What If We Drilled Through a Volcano?

Volcanic eruptions can be devastating. So what if we took extreme actions to prevent them? How could we drill into a volcano? What would be the benefits of doing this? And what if everything goes very, very wrong?

A volcano is an opening in the Earth’s surface through which lava, gases and volcanic ash can escape. Usually, they take the form of mountains from the layers of rock and ash that collect around them.

Volcanoes are categorized in terms of activity. If they recently erupted and are expected to do so again, they are active. If they no longer have eruptions but still carry the potential, they are dormant. And if they will likely never erupt again, they are considered extinct.

But judging a volcano from the surface wouldn’t give you the whole picture. To understand it and predict its behaviors, you’d need to understand what’s going on underground. If you found a way to do that, you could potentially save the lives of thousands of people.

Not all volcanoes look the same. You may be familiar with the more traditional look of a cone sticking out of the ground. That’s a stratovolcano. But this collapsed bowl-looking structure is also a volcano. And it’s known as a caldera.

A collapsed volcano is dangerous because it doesn’t have a central vent through which heat and pressure escape. Its magma chamber continues to fill up deep underground until it’s extremely explosive and destructive.

One example of this is the supervolcano Campi Flegrei near Naples, Italy. It has had two major eruptions. And the one 39,000 years ago was so destructive that it could have had a role in the extinction of Neanderthals. If this supervolcano erupted today, the massive explosion could kill hundreds of thousands of people. And the devastating effects on the climate would harm many more.

That’s why a team of scientists wanted to have a better understanding of what was going on inside this volcano. So they took on a massive project to drill a 3.5 km (2.2 mi) hole right into it. They planned to fit the borehole with thermometers, stress meters and seismometers. This way, they could help predict an explosion.

But the project was stopped at a depth of 0.5 km (0.3 mi) because of some concerns. What if drilling into a volcano could cause that volcano to erupt? Well, if you were to drill into a volcano, triggering significant seismic activity would not be your only worry.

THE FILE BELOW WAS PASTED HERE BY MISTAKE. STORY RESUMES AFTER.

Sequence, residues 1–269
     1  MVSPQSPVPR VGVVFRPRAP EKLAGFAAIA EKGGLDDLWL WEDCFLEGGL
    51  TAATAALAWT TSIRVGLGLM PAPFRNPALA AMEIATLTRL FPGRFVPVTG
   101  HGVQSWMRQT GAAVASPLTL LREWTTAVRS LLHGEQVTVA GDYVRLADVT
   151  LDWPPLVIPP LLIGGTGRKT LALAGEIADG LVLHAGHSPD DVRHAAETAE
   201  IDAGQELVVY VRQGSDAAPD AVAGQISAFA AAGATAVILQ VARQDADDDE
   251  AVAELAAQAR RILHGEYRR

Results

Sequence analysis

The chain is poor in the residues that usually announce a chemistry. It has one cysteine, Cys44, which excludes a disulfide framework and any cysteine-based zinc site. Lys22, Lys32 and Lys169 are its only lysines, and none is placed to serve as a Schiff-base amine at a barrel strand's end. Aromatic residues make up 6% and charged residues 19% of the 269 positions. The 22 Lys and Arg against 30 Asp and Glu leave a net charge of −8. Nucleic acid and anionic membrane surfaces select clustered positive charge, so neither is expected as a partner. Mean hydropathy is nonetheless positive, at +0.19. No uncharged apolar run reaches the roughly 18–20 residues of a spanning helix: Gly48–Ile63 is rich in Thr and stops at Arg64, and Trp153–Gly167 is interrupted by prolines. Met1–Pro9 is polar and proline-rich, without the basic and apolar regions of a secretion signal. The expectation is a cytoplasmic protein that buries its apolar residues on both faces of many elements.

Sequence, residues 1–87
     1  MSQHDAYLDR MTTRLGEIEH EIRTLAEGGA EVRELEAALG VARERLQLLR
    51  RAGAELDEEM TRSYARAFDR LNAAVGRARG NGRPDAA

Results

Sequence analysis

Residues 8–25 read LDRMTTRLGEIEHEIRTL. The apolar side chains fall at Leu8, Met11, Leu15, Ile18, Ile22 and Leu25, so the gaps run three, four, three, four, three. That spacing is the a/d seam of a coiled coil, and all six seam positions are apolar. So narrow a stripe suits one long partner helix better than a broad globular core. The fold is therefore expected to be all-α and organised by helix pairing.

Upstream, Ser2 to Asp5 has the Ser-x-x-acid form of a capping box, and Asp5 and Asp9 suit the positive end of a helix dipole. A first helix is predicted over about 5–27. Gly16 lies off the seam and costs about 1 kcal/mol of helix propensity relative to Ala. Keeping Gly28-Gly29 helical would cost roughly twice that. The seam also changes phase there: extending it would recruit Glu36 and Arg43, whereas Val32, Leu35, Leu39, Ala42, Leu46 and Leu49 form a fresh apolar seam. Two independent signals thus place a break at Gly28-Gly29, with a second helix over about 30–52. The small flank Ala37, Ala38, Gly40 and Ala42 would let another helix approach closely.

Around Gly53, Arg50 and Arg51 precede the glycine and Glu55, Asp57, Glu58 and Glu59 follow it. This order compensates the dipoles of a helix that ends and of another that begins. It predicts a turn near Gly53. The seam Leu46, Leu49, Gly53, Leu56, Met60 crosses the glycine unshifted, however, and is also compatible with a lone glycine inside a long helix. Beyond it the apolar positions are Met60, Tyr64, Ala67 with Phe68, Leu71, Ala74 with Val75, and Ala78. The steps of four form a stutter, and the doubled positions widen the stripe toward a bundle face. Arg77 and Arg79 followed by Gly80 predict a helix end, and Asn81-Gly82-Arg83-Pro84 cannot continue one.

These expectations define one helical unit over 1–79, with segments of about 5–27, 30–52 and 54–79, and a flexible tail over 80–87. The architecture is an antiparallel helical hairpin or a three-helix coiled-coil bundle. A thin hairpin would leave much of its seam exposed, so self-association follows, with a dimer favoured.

First, you’d bring all your fancy equipment to the Campi Flegrei site and begin drilling. Of course, this would be a costly endeavor. You’d need $6 to $8 million to start the project. At first, everything would go smoothly. But then you’d notice the ground shaking.

You’ve hit a hydrothermal gas pocket, causing hydrogen sulfide to escape. This could trigger explosions, earthquakes or even a full-blown eruption.

This happened in 2006 when scientists drilled into the Lusi volcano in Indonesia. An eruption was triggered that killed 13 people, displaced 30,000 and resulted in $2.7 billion in damages. Since drilling there didn’t work out, how about somewhere else? Welcome to Yellowstone National Park.

This supervolcano hasn’t erupted in over 70,000 years. And while experts say it won’t explode in your lifetime, it probably will in the future. And when it does, the effects will be devastating. An ash cloud would cover everything for over 800 km (500 mi). Large areas of the Midwest U.S., all the way to Chicago, would have up to 10 cm (4 in) of soot. Not to mention decades of damaging effects on the climate.

But don’t worry, NASA has an idea. The plan? Cool the volcano down. The first step would be to drill into the sides of the volcano. Then pump water in from one side to flow out the other side. This water would absorb the heat from the volcano and become as hot as 175 °C (350 °F). Not only would this cool the volcano down, but you could use it as an alternative energy resource for local electricity.

The only drawback is that this cooling technique would be slow. It would take you a few thousand years to render the volcano inactive. Of course, a whopping amount of money too. Almost $3.5 billion.

So maybe drilling into volcanoes isn’t your best bet. There are too many unknowns. Would it be worth it to try and stop a future eruption if you accidentally triggered a full-blown one now? Maybe you could drill deep into other parts of the planet. Or maybe all the way through it?

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